Social Insects - The Many Talents of Ants
Lesson 6 of 6
Objective: Students will read short passages about different ant species and create a diagram comparing and contrasting their different group behaviors.
Students enter my class with varied backgrounds and this is true with specific information about ants as much as it is with anything else. This year, for example, some of them came from a 2nd grade room in which they'd studied insects. Others knew information from videos. Some knew nothing. I gave them this challenge:
Animals work together in groups. In teams for 2, list as many different jobs as possible that you think ants might have. You will have 7 minutes. Ready, set, go!
I have them do this on their whiteboards.
I put them in groups of 6 and have them share their ideas. I focus on having them structure their comments in complete, clear sentences. If they have opinions, I ask them to justify them, and to distinguish (when possible) between a fact (I saw ants on the sidewalk this morning) and an opinion (They are interesting because...).
Then I show them this short video clip of rafting fire ants.
This lesson addresses language goals as well as the science standard of explaining how groups sometimes benefit animals.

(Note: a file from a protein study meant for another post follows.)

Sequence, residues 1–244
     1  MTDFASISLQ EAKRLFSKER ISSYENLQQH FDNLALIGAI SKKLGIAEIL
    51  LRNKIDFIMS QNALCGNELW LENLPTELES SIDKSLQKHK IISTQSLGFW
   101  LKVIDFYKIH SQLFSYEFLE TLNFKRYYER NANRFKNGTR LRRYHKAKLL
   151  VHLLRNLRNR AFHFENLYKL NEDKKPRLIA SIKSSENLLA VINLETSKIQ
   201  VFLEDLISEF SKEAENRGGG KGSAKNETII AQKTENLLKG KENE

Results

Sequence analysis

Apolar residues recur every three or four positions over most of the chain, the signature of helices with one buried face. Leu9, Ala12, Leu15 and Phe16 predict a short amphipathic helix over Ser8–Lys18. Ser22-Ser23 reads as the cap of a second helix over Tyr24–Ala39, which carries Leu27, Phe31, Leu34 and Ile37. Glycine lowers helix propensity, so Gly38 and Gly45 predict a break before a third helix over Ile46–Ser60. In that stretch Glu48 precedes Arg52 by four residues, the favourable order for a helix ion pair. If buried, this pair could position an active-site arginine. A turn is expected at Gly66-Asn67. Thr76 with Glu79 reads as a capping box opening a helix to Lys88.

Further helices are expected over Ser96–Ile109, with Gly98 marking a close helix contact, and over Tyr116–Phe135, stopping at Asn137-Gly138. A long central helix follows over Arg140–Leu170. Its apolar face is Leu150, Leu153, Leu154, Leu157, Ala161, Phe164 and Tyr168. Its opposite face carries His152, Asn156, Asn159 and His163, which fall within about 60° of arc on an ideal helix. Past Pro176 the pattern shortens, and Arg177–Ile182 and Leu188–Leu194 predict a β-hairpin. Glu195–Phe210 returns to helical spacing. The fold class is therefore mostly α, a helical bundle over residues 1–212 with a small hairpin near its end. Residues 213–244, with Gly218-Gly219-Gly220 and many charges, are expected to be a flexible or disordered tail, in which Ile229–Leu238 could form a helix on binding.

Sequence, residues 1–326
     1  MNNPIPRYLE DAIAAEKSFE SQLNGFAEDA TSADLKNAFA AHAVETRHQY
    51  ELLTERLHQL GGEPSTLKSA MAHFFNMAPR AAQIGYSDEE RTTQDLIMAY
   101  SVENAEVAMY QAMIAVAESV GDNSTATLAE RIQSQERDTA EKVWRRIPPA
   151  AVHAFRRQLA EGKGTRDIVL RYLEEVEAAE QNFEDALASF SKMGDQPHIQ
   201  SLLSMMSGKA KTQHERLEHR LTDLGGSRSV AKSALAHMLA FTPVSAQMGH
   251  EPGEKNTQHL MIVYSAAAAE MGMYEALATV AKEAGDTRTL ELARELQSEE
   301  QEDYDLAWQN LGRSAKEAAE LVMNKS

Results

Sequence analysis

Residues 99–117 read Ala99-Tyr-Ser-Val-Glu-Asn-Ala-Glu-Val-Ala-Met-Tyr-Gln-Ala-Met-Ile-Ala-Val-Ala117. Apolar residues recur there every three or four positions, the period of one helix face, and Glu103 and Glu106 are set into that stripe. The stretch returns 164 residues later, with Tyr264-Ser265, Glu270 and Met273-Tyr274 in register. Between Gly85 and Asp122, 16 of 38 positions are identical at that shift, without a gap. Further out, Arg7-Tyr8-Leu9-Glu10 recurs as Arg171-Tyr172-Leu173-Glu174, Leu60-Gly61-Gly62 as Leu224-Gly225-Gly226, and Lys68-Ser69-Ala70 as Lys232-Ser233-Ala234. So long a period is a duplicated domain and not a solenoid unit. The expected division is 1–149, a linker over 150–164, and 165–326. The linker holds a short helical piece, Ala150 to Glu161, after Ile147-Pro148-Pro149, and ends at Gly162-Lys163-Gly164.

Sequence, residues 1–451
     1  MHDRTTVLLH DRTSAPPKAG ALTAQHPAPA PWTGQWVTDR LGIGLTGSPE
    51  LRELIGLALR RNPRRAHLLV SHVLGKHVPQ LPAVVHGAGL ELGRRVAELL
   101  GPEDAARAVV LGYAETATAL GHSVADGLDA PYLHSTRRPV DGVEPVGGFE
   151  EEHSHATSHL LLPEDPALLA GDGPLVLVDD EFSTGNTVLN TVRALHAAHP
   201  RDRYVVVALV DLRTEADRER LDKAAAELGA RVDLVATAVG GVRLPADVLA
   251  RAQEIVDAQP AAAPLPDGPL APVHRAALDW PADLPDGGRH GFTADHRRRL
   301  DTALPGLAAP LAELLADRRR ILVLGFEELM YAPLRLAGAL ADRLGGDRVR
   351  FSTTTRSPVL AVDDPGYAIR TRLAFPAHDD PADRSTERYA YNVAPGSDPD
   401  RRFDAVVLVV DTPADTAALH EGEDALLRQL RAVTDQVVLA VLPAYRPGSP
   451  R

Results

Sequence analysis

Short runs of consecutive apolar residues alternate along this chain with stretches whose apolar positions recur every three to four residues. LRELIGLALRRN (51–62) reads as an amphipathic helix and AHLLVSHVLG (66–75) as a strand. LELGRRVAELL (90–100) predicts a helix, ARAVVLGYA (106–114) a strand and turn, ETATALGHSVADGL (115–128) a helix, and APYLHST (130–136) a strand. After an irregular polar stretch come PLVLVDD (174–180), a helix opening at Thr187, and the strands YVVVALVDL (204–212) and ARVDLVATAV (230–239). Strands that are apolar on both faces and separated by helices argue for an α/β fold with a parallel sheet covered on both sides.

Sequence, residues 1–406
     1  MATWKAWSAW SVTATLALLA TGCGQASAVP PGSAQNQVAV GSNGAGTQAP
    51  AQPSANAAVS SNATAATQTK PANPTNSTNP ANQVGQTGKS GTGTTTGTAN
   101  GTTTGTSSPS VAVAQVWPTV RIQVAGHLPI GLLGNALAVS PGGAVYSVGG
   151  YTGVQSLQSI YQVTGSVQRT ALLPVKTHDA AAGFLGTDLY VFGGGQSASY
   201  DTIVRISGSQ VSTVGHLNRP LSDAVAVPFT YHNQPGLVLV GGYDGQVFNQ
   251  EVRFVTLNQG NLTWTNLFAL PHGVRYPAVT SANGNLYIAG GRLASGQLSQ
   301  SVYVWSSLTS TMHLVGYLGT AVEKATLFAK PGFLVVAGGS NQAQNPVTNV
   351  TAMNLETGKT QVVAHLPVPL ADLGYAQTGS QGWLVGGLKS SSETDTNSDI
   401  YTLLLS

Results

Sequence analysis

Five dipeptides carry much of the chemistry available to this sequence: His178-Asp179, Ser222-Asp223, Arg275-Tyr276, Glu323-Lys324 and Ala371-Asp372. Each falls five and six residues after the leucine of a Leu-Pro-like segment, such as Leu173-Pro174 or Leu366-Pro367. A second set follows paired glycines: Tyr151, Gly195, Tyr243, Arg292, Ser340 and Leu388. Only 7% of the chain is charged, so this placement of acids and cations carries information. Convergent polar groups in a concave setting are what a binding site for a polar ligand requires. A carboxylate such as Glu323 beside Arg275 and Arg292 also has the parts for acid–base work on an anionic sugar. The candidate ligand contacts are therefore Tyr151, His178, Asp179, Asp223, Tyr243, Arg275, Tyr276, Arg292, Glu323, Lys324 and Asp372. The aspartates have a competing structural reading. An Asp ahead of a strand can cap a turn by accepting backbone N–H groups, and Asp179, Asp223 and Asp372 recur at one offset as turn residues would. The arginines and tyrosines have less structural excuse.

Now that students have had an experiential introduction group behavior of ants in the lesson Amazing Ants - Group Behavior in Insects, it's time to read a bit about some of their amazing social/group behaviors. At the conclusion of this activity, each student will present a mini-report, mini-poster, or reenactment with narration of one of the group behaviors complete with a statement about how this group behavior benefits the species.
Each student or pair of students reads one of the three passages about Group Behavior in Ants. I have them take notes on the side about key vocabulary, details relevant to group behavior, and if they read more than one passage, patterns. They are also encouraged to think about patterns they see in the group behavior of ants versus other animals. Some students might notice, for example, that sometimes an individual is sacrificed or suffers for the benefit of the group. Many times the animal world can be very Spock, "The needs of the many outweigh the needs of the one or the few."
I place students in n inside-outside circle and have them share their responses to the following prompts with their partner.
- What is a specific ant behavior you read about and how did it benefit the group?
- What is an interesting detail you learned about an ant species that is not relevant to group behavior?
- What is a question you have about the ant behavior you read about? Explain.
- How is ant social behavior different from how people behave in groups? Move beyond comments such as, "People don't dig underground tunnels to live in."
- What is an ant group behavior that is similar to something people do? How is it similar?
This is a study guide with the questions that can be used by students or as a teacher note-taking page. Here is how I use it: